Giant retailers and consumer product companies are under tremendous pressure to be perceived as green and sustainable. They are somewhere between frantic and panic. Rumor has it the CEO of WalMart wants produce bags to contain partial bioplastics by 2020. Meantime, the major plastic resin producers are doubling down on conventional fossil-fuel based resins. Sounds like a script straight out of The Innovator's Dilemma.
Jimmy Durante said "everybody wants ta get inna de act" apparently does not apply here. Timing is just as important to biodegradablity as it is to comedy. ( Dow divested their interest in Nature Works years ago. ) At the recent NPE show, there were only two new US based exhibitors and they were not from the major resin producers.
the rest were from China
Kangrunjie ( can't link to their site )
Gen 1 " is defined as plastics derived from fossil fuels.
"Gen 2" is plastic derived from agricultural sources or "biopolymers ".
Nobody knows what " Gen 3 " will look like. Maybe a hybrid ? The first forays into Gen 2 did not catch on initially because a) consumers will not pay a green premium and b) timing. Bags put on the shelf in May fell apart in stores by July. Large food companies have seen what ethanol has done to raw material costs. If plastic packaging made from agricultural sources crowds out arable land, food costs will skyrocket.
Another aspect to consider is the involvement of the FTC. They are finally cracking down on ostensibly biodegradable plastics, or what we call " additive cowboys ".
It's all about perception. Anything derived from fossil fuels is perceived as inherently evil and made from a source which is not sustainable. Braskem has done a fabulous job marketing their "green" polyethylene and polypropylene made from sugar cane. They get a premium and won't talk to you unless your volume is 1,000 metric tonnes annual - take or pay. These resins do not biodegrade any faster than petroleum-based plastic. Braskem is putting on a billion pounds annual capacity in La Porte, TX. The feedstock ? Fossil fuel natural gas.
With painstakingly politically correct word choice, Lego announced their selection of " green " plastic.
There are two approaches to a quick fix. Either "greenwash" ( defined as no change, spin only ) or make hasty changes out of fear of social media. Notice how much emphasis is put on what a product does not contain these days ?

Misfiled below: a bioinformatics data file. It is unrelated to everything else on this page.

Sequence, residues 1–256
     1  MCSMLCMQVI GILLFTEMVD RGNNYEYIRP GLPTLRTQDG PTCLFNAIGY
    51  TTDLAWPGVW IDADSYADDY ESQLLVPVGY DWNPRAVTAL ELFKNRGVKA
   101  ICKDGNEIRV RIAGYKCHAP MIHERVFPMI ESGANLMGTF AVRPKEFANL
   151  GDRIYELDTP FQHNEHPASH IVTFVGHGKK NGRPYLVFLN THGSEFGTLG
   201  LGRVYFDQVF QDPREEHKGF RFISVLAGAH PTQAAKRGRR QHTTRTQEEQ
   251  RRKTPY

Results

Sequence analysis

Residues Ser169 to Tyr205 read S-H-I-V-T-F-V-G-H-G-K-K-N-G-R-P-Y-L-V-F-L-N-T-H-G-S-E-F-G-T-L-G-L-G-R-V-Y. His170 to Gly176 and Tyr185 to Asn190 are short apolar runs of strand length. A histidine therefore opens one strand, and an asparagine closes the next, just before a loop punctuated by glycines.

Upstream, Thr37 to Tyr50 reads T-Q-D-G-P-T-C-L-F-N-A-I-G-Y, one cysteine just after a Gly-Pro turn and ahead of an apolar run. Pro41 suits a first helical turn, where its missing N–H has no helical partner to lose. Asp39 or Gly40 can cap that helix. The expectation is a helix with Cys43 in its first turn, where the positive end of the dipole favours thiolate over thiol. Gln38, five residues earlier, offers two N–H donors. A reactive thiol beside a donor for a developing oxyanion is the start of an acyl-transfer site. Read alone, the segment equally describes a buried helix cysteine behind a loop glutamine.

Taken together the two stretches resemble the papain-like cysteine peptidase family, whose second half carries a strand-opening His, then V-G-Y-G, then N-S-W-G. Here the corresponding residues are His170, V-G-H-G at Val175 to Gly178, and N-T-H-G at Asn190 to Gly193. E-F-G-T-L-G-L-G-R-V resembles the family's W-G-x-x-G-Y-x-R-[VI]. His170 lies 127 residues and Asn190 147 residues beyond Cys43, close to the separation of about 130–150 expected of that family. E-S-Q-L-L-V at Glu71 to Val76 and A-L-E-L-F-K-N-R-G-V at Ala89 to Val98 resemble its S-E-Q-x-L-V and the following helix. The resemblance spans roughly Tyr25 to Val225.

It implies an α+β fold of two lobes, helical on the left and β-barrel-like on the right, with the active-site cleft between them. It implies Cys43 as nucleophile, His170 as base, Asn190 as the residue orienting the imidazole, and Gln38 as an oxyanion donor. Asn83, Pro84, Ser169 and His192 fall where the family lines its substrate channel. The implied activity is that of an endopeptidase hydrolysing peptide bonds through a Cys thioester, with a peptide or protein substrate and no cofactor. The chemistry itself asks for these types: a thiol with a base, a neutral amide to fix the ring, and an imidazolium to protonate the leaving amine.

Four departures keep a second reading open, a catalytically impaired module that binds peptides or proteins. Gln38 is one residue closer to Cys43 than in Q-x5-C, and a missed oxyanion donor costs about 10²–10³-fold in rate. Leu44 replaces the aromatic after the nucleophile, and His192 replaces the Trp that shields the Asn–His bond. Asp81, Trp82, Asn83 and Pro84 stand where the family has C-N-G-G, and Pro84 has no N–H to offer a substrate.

Bisphenol A is an excellent case study. " BPA free" is an insult. Only polycarbonate and PVC use it as a catalyst. There are trace amounts in the final product. If your product is made with any other resin, just say " BPA free" and voila ! You take advantage of the consumer's fear and lack of understanding.which may be just enough to stimulate an impulse purchase.
Sometimes the alternative to the vilified material is worse. Those who reacted to NGO's clamor for a BPA ban by substituting BPS and other materials were the biggest losers. In retrospect they look impetuous. The quiet epilogue: BPA's recent clean bill of health despite being put on California's prop 65 list and the EU's possible ban. Did the NGO's give a public apology ? A "never mind" a la Emily Latilla ?
Of course not. The disingenuous virtue signaling malcontents just move on to another faux outrage cause.
The latest angle is apparently a hybrid of fossil fuels and potato starch from a company called Biologiq. They offer both compostable biopolymers and combo fossil fuel resin / biopolymers. The hybrid is chasing arrow #7, or "other" which makes it is not recyclable with other polymers. They say the time is right. The CEO of Walmart wants all their potato and apple bags converted to Biologiq yesterday.
Let's look at how this could play out. For starters, well-meaning consumers will recycle the potato resin bags with the other bags at the store entrance resulting in contamination. If it takes off, Biologiq will need more than the by-products of potato chips. What do you think would happen next ? If you said, "potato prices will increase", go to the head of the class. For now, the claim of "eco friendly" is not on the FTC's radar. If the FTC wants a more precise definition of "eco friendly" it's going to be a problem.
H. L. Mencken said " for every complex problem there is an answer that is clear, simple and wrong".
To make an informed decision about conventional or biopolymers, click on the purple box on this page.